+</code></pre><p>Follow the prompts again for the DN for the cert of the credential store. This certificate isn&rsquo;t really used for anything at the moment but is required to create the credential store.</p><h5><a id="Provisioning+of+Keystores">Provisioning of Keystores</a> <a href="#Provisioning+of+Keystores"><img src="markbook-section-link.png"/></a></h5><p>Once you have created these keystores you must move them into place for the gateway to discover them and use them to represent its identity for SSL connections. This is done by copying the keystores to the <code>{GATEWAY_HOME}/conf/security/keystores</code> directory for your gateway install.</p><h4><a id="Summary+of+Secrets+to+be+Managed">Summary of Secrets to be Managed</a> <a href="#Summary+of+Secrets+to+be+Managed"><img src="markbook-section-link.png"/></a></h4>
 <ol>
   <li>Master secret - the same for all gateway instances in a cluster of gateways</li>
   <li>All security related artifacts are protected with the master secret</li>
   <li>Secrets used by the gateway itself are stored within the gateway credential store and are the same across all gateway instances in the cluster of gateways</li>
   <li>Secrets used by providers within cluster topologies are stored in topology specific credential stores and are the same for the same topology across the cluster of gateway instances.  However, they are specific to the topology - so secrets for one hadoop cluster are different from those of another.  This allows for fail-over from one gateway instance to another even when encryption is being used while not allowing the compromise of one encryption key to expose the data for all clusters.</li>
-</ol><p>NOTE: the SSL certificate will need special consideration depending on the type of certificate. Wildcard certs may be able to be shared across all gateway instances in a cluster. When certs are dedicated to specific machines the gateway identity store will not be able to be blindly replicated as host name verification problems will ensue. Obviously, trust-stores will need to be taken into account as well.</p><h3><a id="Authentication"></a>Authentication</h3><p>There are two types of providers supported in Knox for establishing a user&rsquo;s identity:</p>
+</ol><p>NOTE: the SSL certificate will need special consideration depending on the type of certificate. Wildcard certs may be able to be shared across all gateway instances in a cluster. When certs are dedicated to specific machines the gateway identity store will not be able to be blindly replicated as host name verification problems will ensue. Obviously, trust-stores will need to be taken into account as well.</p><h3><a id="Authentication">Authentication</a> <a href="#Authentication"><img src="markbook-section-link.png"/></a></h3><p>There are two types of providers supported in Knox for establishing a user&rsquo;s identity:</p>
 <ol>
   <li>Authentication Providers</li>
   <li>Federation Providers</li>
@@ -449,7 +449,7 @@ ip-10-39-107-209.ec2.internal
   <li>Specific configuration for the bundled BASIC/LDAP configuration</li>
   <li>Some tips into what may need to be customized for your environment</li>
   <li>How to setup the use of LDAP over SSL or LDAPS</li>
-</ol><h4><a id="General+Configuration+for+Shiro+Provider"></a>General Configuration for Shiro Provider</h4><p>As is described in the configuration section of this document, providers have a name-value based configuration - as is the common pattern in the rest of Hadoop.</p><p>The following example shows the format of the configuration for a given provider:</p>
+</ol><h4><a id="General+Configuration+for+Shiro+Provider">General Configuration for Shiro Provider</a> <a href="#General+Configuration+for+Shiro+Provider"><img src="markbook-section-link.png"/></a></h4><p>As is described in the configuration section of this document, providers have a name-value based configuration - as is the common pattern in the rest of Hadoop.</p><p>The following example shows the format of the configuration for a given provider:</p>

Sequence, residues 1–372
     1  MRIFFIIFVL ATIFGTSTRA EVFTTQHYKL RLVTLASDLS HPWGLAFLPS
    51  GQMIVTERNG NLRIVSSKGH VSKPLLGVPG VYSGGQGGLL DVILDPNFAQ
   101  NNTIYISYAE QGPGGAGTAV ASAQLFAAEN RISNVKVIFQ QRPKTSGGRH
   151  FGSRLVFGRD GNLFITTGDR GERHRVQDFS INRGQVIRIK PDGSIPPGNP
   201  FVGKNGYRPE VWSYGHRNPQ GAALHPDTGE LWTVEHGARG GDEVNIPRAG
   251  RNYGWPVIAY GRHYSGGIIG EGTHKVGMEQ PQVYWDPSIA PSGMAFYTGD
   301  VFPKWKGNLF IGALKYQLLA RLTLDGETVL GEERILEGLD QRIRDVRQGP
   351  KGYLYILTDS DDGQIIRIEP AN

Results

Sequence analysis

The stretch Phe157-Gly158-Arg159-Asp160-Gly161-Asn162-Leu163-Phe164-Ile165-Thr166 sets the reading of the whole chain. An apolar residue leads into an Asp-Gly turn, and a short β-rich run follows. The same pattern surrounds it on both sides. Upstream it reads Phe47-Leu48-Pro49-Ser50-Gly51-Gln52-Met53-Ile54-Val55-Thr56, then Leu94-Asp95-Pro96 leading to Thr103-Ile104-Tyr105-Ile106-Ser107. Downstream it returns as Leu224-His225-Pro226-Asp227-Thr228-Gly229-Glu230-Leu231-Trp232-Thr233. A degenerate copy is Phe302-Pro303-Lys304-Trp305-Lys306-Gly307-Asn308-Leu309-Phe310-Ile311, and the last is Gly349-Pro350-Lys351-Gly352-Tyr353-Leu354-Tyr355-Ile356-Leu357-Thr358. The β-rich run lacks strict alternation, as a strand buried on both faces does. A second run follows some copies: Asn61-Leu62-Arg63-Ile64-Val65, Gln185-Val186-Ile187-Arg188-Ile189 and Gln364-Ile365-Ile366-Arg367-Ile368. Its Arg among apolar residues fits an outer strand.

<pre><code>&lt;provider&gt;
     &lt;role&gt;authentication&lt;/role&gt;
     &lt;name&gt;ShiroProvider&lt;/name&gt;
@@ -494,12 +494,12 @@ ldapRealm.userDnTemplate=uid={0},ou=peop
             &lt;value&gt;authcBasic&lt;/value&gt;
         &lt;/param&gt;
     &lt;/provider&gt;
-</code></pre><p>This happens to be the way that we are currently configuring Shiro for BASIC/LDAP authentication. This same config approach may be used to achieve other authentication mechanisms or variations on this one. We however have not tested additional uses for it for this release.</p><h4><a id="LDAP+Configuration"></a>LDAP Configuration</h4><p>This section discusses the LDAP configuration used above for the Shiro Provider. Some of these configuration elements will need to be customized to reflect your deployment environment.</p><p><strong>main.ldapRealm</strong> - this element indicates the fully qualified classname of the Shiro realm to be used in authenticating the user. The classname provided by default in the sample is the <code>org.apache.shiro.realm.ldap.JndiLdapRealm</code> this implementation provides us with the ability to authenticate but by default has authorization disabled. In order to provide authorization - which is seen by Shiro as dependent on an LDAP schema
  that is specific to each organization - an extension of JndiLdapRealm is generally used to override and implement the doGetAuhtorizationInfo method. In this particular release we are providing a simple authorization provider that can be used along with the Shiro authentication provider.</p><p><strong>main.ldapRealm.userDnTemplate</strong> - in order to bind a simple username to an LDAP server that generally requires a full distinguished name (DN), we must provide the template into which the simple username will be inserted. This template allows for the creation of a DN by injecting the simple username into the common name (CN) portion of the DN. <strong>This element will need to be customized to reflect your deployment environment.</strong> The template provided in the sample is only an example and is valid only within the LDAP schema distributed with Knox and is represented by the users.ldif file in the {GATEWAY_HOME}conf directory.</p><p><strong>main.ldapRealm.contextFactory.url<